Kaiser Permanente rejecting some religious exemptions to employee COVID vaccine mandate

Coronavirus

FILE – General views of Kaiser Permanente Los Angeles Medical Center on November 13, 2020 in Los Angeles, California. (Photo by AaronP/Bauer-Griffin/GC Images)

SAN DIEGO – Health care giant Kaiser Permanente is denying some employees’ requests for religious exemptions to its COVID-19 vaccination mandate on the basis it’s being misused to skirt the requirement, the company said Monday.

The statement from Kaiser comes after a nurse at the company’s Kearny Mesa hospital posted videos on social media last week while being walked out of the facility to be placed on unpaid administrative leave. In the videos, she claims her freedom was being taken away and that she wanted an explanation about why her exemption wasn’t “good enough” from the hospital’s human resources department.

The Oakland-based Kaiser set a Sept. 30 deadline for employees to either be fully vaccinated or apply for a medical or religious exemption, its website shows. But leading up to that deadline, Dr. Andrew Bindman, the system’s chief medical officer, said in a statement Kaiser was notified by labor partners and others of open discussions about “ways to avoid the vaccine mandate by misusing the legitimate religious exemption process.”

A company review found that employees had submitted “similar or nearly identical requests” with language from templated online forms and ultimately reviewed all requests “to ensure their requests reflected their sincerely held beliefs.”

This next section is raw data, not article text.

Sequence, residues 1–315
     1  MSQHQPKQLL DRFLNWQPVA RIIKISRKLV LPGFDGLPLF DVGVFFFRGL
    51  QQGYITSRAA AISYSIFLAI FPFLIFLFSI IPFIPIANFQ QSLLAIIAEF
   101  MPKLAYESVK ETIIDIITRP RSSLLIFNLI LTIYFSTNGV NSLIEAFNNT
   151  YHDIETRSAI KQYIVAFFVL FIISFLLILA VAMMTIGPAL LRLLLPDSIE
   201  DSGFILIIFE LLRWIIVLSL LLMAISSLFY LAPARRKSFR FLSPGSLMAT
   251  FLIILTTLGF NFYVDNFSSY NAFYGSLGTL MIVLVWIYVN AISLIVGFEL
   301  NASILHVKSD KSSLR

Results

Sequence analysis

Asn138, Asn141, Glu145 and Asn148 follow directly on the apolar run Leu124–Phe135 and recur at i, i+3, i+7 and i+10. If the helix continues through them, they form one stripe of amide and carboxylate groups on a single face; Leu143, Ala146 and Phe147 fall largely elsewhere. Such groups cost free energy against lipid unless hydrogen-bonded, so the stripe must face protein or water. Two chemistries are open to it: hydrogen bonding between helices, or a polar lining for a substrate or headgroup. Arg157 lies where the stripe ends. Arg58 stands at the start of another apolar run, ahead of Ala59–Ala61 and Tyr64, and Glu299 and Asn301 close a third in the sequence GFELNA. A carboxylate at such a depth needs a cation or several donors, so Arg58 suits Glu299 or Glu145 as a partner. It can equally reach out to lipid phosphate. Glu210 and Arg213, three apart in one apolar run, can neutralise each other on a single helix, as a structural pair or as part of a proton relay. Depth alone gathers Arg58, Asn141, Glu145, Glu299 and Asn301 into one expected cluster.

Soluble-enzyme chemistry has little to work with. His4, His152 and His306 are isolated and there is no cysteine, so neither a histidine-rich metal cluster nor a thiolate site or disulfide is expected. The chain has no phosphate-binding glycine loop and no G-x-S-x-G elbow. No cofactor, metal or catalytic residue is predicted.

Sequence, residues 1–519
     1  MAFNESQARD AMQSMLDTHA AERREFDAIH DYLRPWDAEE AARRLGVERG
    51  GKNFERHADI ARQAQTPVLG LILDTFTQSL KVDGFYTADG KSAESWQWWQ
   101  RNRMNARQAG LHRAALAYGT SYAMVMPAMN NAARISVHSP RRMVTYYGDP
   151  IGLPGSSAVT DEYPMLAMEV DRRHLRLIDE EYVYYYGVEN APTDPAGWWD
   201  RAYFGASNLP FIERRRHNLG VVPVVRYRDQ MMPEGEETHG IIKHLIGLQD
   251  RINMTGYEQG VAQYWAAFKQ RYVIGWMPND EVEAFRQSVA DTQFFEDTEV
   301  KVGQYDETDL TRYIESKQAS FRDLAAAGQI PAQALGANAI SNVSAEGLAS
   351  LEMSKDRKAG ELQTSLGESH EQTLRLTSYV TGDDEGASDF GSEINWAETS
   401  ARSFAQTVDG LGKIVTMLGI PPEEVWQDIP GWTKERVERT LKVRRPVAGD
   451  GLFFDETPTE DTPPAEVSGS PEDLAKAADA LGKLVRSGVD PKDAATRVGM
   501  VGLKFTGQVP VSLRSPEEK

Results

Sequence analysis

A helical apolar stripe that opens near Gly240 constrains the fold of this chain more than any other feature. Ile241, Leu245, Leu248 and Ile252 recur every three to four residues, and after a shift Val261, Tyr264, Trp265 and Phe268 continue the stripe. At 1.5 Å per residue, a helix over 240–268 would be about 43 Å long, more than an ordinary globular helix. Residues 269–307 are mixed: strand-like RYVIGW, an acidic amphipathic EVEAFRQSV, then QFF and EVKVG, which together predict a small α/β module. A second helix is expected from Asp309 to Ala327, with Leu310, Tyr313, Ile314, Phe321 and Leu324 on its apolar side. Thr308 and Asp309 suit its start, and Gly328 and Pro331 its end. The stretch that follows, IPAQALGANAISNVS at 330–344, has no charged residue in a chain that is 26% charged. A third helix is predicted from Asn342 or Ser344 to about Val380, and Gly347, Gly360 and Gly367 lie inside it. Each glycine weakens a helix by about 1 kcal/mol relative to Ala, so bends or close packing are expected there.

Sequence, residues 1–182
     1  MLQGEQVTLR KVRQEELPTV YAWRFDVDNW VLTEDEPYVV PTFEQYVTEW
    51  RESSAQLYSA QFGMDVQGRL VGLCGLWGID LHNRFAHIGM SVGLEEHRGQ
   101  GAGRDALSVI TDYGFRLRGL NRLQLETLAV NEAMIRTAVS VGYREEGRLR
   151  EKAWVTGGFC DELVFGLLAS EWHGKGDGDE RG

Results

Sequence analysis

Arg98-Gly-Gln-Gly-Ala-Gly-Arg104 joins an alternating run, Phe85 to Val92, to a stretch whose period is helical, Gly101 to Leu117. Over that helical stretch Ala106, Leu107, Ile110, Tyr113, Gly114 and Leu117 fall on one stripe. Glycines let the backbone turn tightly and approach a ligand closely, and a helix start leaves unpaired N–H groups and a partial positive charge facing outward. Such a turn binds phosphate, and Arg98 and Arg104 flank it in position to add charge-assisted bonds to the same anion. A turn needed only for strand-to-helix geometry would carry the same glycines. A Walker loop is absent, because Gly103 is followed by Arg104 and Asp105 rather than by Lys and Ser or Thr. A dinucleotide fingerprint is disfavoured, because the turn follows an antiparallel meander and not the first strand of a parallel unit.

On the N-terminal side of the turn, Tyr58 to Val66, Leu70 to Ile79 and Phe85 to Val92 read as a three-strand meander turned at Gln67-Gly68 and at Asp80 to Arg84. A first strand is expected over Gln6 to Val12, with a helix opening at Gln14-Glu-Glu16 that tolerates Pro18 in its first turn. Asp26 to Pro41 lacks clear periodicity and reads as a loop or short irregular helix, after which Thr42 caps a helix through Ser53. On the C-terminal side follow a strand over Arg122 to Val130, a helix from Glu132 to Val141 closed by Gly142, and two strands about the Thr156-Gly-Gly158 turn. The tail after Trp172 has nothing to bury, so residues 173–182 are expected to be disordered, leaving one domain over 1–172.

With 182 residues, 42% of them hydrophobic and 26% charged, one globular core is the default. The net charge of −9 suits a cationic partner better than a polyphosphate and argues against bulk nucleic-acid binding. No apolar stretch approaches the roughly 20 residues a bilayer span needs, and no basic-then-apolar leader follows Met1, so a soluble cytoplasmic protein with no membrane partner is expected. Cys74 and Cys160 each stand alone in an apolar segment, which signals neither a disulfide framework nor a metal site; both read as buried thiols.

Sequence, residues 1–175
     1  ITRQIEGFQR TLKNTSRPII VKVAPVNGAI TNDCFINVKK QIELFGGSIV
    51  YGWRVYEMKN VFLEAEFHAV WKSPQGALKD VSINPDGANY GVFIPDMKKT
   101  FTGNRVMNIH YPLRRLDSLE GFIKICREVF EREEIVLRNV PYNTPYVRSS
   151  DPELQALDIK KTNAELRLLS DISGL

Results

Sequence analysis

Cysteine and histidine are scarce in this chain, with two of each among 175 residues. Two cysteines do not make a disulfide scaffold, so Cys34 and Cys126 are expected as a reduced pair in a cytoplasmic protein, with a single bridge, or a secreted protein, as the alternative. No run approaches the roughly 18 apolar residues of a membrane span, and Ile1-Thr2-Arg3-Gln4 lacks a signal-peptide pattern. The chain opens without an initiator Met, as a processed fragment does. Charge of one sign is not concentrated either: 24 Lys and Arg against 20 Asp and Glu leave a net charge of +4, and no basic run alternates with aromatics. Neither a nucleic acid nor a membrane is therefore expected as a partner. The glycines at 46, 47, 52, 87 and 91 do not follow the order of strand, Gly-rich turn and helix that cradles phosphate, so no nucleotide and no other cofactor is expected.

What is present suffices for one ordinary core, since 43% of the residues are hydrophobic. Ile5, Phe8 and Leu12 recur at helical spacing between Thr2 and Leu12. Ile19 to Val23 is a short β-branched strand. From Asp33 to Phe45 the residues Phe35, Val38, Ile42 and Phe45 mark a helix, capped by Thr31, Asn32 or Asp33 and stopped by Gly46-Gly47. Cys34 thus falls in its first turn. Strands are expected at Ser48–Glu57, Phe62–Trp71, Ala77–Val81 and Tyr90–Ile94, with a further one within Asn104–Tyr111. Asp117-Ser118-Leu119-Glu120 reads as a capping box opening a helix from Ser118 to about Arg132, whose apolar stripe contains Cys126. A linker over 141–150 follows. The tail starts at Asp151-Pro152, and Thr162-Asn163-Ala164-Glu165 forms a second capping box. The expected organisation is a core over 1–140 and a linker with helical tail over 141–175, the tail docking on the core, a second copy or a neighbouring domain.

In the review, the system found it was being misused by some employees, who then were placed on unpaid leave. They now have until Dec. 1 to respond to the vaccination requirement, Bindman said in a statement.

“We hope none of our employees will choose to leave their jobs rather than be vaccinated,” the statement reads. “We will continue to work with our employees to allay concerns and educate them about the vaccines, their benefits, and risks.”

Ninety-three percent of Kaiser employees were vaccinated as of Oct. 30, according to the company. About 1% of its workforce has yet to respond to the mandate.

In the case of the local employee, the company said she was told she needed to speak with Human Resources about her request rather than her manager or other facility leadership.

The company said it will work with her “to address her concerns” as well as others seeking exemptions for legitimate reasons.

“We know that vaccination is the most powerful tool we have to stop this pandemic, to prevent more dangerous strains from developing, and to return to normalcy,” the statement reads. “We want to thank our staff who have moved quickly to get vaccinated and submit verification. We understand that for some this may be a difficult decision in an already difficult time.

“We are doing all we can to support that decision-making process with information and discussion.”

More information on COVID-19 vaccinations in San Diego County is available online here.

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